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Sandy High Robotics Club hosts state competition

More than 80 teams expected at two-day event next weekend

Sandy High School’s Robotics Club is hoping to once again take home a trophy at the upcoming VEX Robotics Competition Oregon State Championship.

The two-day event will be from noon to 6 p.m. Saturday, Feb. 27, and 10 a.m. to 2 p.m. Sunday, Feb. 28, in the school’s main gym. It is free. POST PHOTO: ELIZABETH WENDT KELLAR - Sandy High School Robotics Club members and freshmen Tyler Routh, 14, and Jacob Syle, 15, work on their robots at an after school meeting of the club.

There are more than 30 students in the school’s Robotics Club. Senior Nathan Kentner, 18, joined the club when he was a sophomore and soon became hooked.

“I took a class at the high school and thought it was really awesome,” he said. “And I liked building robots.”

Part of the appeal is the chance to always be doing something new, said senior Kodi Lang, 17.

“It’s continual progress,” said Lang. “It’s always changing.”

Bob Tisch, the club’s staff adviser, said the club formed in 2010 and organized the first VEX competition that same year. VEX is the robotics company that sets up the competition and oversees the event, explained Aron Eslinger, the club’s parent organizer.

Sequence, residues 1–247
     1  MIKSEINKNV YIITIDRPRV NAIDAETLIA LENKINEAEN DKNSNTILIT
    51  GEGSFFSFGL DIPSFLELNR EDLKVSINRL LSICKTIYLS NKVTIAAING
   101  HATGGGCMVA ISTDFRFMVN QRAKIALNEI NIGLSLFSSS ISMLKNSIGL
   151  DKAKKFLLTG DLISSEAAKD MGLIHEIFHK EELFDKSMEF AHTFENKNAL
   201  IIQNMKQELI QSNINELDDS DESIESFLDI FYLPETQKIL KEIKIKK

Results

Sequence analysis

Sixteen Oregon high school teams attended that first competition. This year, there is the potential for more than 80 teams to bring their robotic creations to compete. Winners from the state tournament will go on to the VEX world tournament. At the 2014 world tournament, SHS’s Robotics Club finished fourth out of more than 730 teams. POST PHOTO: ELIZABETH WENDT KELLAR - Robotics Club team members test their robots tossing abilities at an after-school club meeting. Sandy HIgh School will host the VEX Robotics Competition Oregon State Championship Feb. 27-28.

Competitors on each four-person team have been working on their robots for almost a year, laboring to assemble a device that can perform the actions required for this year’s event.

The robot must be able to throw a foam ball into a net and perform a lifting maneuver. Team members are also judged on their robotics journal and their coding skills.

As high school competitions go, watching robots whirl, toss and battle to be the best might be a bit unconventional. But that’s what makes it fun, Kodi explained.

“It’s different,” she said. “It’s not like a basketball game.”

“And it’s really exciting, too,” Tisch said.